- Written by Jason Crawford
- Published on 09 August 2011
Elvis Costello and the Attractions "Get Happy!!" Mobile Fidelity Sound Labs / Universal Music Special Markets
Becoming an Elvis Costello fan was one of the least likely events to have occurred in my life. Thanks to Mobile Fidelity, I now have approximately $150 worth of Costello goodness packaged in the form of four exemplary vinyl releases. I reported here on the first couple and left off the third for fear of redundancy. But MoFi's newest Costello title, 1980's "Get Happy!!," puts a new spin on things. (Pun intended.) The original recording contained all twenty tracks on one platter whereas the MoFi version spreads them out over two 45rpm discs. I got happy on first listen, and will stay that way any time this record's in rotation. The content is amongst my favorite of his first four long players. The quality of this specific release is off the charts. I'm to understand that some folks can get a little turned off by what MoFi does as they do have their own distinctive style which may not reflect the originals' sound. But in Costello's case, I think the change is more than acceptable and almost necessary. If good things come to those who wait, then thirty years ought to get the job done. I hope my copy holds up for at least thirty more. I'm almost fool enough to buy a backup and leave it in the attic. If I only had an attic.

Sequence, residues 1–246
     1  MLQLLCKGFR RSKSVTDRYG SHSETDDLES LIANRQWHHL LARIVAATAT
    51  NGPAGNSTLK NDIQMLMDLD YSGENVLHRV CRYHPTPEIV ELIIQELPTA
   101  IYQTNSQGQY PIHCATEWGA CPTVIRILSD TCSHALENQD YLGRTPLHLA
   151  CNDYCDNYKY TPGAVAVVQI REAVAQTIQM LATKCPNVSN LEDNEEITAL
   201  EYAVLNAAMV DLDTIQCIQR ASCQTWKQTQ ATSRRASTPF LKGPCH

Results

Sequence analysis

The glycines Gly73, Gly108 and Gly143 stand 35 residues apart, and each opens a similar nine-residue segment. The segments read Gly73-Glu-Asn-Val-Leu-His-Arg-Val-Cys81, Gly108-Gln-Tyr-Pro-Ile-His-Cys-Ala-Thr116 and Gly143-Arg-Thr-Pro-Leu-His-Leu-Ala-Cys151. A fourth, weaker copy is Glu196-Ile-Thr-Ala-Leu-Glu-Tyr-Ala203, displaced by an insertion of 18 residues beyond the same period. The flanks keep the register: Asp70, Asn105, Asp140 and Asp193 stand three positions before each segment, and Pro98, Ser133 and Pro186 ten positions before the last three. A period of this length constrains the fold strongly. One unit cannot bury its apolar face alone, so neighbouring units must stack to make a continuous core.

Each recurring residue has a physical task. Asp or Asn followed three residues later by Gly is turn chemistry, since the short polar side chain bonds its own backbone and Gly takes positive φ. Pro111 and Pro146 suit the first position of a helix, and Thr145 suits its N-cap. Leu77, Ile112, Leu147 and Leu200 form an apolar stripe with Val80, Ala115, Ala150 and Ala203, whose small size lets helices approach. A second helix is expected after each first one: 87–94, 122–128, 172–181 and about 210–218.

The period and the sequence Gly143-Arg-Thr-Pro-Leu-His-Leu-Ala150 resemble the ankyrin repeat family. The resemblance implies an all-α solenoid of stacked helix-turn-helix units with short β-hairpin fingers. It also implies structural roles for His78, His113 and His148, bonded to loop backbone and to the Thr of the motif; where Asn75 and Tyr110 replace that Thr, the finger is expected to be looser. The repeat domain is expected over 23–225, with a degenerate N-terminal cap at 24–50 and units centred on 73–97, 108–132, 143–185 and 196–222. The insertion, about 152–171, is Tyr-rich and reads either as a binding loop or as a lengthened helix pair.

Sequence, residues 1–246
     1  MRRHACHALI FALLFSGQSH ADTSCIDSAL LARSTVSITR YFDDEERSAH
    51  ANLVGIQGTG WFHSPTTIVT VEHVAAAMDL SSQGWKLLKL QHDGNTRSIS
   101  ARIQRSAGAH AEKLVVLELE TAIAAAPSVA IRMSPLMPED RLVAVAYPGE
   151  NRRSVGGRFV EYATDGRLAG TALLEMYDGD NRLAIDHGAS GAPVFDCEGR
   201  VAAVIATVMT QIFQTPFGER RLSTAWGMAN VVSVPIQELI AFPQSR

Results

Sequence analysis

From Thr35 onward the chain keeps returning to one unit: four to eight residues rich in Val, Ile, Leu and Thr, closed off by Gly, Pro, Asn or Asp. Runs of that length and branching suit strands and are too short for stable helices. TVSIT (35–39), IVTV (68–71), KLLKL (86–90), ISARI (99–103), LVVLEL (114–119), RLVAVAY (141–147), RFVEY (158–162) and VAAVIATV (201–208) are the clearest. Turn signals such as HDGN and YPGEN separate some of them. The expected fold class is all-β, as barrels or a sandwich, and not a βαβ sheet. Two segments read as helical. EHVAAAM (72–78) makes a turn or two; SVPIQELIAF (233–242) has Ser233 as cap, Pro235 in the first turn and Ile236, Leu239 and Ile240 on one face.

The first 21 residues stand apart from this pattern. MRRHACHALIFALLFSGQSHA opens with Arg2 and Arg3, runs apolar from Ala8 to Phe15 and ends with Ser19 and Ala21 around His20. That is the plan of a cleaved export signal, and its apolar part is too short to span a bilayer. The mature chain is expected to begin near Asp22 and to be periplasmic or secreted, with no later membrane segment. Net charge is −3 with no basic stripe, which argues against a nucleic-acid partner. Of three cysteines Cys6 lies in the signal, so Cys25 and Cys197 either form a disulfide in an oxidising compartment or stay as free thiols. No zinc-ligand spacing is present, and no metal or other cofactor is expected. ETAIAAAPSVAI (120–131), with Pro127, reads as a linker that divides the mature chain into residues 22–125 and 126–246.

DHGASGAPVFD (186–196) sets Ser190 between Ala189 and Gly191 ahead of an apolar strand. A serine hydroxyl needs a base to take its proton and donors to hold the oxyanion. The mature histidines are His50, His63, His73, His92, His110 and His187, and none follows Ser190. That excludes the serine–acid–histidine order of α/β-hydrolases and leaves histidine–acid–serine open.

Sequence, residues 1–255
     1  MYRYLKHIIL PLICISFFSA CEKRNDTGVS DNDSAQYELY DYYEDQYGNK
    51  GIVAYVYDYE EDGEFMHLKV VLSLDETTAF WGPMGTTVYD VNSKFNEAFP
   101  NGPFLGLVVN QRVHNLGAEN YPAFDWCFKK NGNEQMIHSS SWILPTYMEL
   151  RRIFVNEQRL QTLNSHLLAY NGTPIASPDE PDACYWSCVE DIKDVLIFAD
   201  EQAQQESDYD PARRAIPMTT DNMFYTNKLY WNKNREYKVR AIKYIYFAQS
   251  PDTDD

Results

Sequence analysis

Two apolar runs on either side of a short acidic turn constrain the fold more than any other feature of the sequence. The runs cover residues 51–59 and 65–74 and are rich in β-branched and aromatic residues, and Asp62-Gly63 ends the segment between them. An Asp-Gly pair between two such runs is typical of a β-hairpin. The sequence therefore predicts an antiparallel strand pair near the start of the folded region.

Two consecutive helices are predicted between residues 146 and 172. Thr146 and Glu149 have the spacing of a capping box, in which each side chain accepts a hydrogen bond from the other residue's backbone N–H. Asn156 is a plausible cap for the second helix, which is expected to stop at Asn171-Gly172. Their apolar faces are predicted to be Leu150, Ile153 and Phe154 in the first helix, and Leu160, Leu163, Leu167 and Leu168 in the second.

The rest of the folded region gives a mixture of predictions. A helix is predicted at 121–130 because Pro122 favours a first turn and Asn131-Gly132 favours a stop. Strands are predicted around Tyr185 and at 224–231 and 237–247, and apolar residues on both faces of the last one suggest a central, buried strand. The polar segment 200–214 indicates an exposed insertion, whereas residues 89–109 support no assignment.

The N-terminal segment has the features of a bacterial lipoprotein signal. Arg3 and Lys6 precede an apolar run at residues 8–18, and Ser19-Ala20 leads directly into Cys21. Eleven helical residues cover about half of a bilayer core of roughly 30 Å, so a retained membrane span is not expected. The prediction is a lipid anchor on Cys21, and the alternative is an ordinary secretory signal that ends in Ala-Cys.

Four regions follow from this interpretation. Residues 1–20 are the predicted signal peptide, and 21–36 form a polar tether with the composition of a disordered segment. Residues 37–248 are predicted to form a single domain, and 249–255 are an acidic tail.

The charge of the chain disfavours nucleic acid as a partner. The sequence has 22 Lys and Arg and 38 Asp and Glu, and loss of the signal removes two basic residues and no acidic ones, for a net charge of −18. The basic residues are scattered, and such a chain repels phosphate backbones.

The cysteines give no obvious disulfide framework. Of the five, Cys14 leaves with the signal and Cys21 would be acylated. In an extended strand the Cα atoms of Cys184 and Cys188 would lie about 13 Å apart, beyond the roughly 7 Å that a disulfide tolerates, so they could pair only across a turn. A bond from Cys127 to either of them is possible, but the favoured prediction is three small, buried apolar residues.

As for the production: Nick Lowe twisted the knobs on the first few Costello releases reportedly amongst much drinking and merriment. Politely, Lowe is no George Martin. Frankly, the original records don't sound that great. Clearly, we all have our individual tastes and expectations for what it means to make a great sounding rock and roll record. To me, Costello's early work sounds like it was made in a carpeted room with the mood sucked out of it and buried under more carpet. No edge to them whatsoever. I'm a little nuts. I like gritty recordings that capture the mood of what's happening more so than sonically "perfect" ones with 100 percent separation between instruments, voices, and other instruments and voices. To me, the point of making music is to collaborate, not to separate. I could go on and on, but the gist is that MoFi's "Get Happy!!" has a little more life to it than even their first three Costello's which I thought sounded great too. (Full disclosure: I only had one original to compare them to and that was Costello's first which is a legendarily damp sounding disc. The original "Get Happy!!" might be even livelier than the newest, but I doubt it.) Beyond all that, there's a somewhat interesting back story to "Get Happy!!" if you're into that sort of thing, and it involves a drunken conversation that allegedly took place between Costello and his peers which resulted in the public revelation of a tasteless comment he made about James Brown and Ray Charles. If he said it, it's a bad deal. Press conferences were held, apologies issued, explanations offered. Who knows if he said it or if it was conveyed accurately? Some have surmised that "Get Happy!!" was his attempt to atone for the debacle as it was his first release following the "incident," and it has more of a rhythm and blues flavor than his first three. I'm not sure. First, the record is of the rock and roll variety. A prominent organ does not a soul record make. Not necessarily. Second, Costello was about four years into a decade's long career, and we can now see, with the benefit of historical context, that he was going to explore every genre available to him anyway. Seems likely that he'd have crossed the Soul Bridge eventually, and he's done so in much more obvious ways since 1980. I hear an artist on "Get Happy!!" that's growing confidently in ever-expanding ways with a voice that is so full of character that it risks detracting attention from the fact that he's technically gifted too. I mean, he hits his notes. Every time. Even when Lowe's production makes him sound a little like he's singing into a telephone ("Men Called Uncle") or when that organ threatens to take over the game ("Black and White World"). I'll take a quick second here to note that I had to research these titles because the track listing on the cover does not in any way match the actual song sequence. Funny guy, that Elvis. There's also a disclaimer from Nick Lowe on the back cover meant to assure listeners that 1980-era technology was such that there was no sound degradation as a result of the "crammed grooves" on the original. I'm skeptical, at best, and relieved to not have to fret about it. I'll take two new 45rpm MoFi discs over a pristine original "Get Happy!!" any day no matter what my purist friends think. My goal is not to have the oldest record, but the one that sounds best. I'd bet the farm that I've got it spinning on my record player right now.